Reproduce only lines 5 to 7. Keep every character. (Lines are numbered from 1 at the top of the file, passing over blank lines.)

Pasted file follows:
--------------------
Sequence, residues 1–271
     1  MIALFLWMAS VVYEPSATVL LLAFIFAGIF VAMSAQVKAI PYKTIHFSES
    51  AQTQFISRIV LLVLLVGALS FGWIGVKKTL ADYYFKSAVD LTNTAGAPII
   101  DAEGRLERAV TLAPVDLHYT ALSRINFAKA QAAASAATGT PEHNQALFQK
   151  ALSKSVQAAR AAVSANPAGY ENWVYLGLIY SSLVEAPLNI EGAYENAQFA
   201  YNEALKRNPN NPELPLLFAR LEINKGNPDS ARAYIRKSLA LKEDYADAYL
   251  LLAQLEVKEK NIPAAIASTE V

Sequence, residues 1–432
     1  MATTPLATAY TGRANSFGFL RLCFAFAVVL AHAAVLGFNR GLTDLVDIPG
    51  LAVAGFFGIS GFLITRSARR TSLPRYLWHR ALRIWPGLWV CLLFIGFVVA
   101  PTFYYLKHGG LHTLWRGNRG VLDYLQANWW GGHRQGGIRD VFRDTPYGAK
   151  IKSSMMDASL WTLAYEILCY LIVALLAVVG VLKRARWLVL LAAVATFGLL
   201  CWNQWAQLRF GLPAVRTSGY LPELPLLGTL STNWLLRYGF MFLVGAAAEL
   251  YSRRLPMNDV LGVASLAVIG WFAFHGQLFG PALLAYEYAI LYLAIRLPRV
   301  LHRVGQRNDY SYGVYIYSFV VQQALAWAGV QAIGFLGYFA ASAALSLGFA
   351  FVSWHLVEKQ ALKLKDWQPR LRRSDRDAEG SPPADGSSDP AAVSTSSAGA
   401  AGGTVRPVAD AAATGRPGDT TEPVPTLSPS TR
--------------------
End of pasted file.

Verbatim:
   151  ALSKSVQAAR AAVSANPAGY ENWVYLGLIY SSLVEAPLNI EGAYENAQFA
   201  YNEALKRNPN NPELPLLFAR LEINKGNPDS ARAYIRKSLA LKEDYADAYL
   251  LLAQLEVKEK NIPAAIASTE V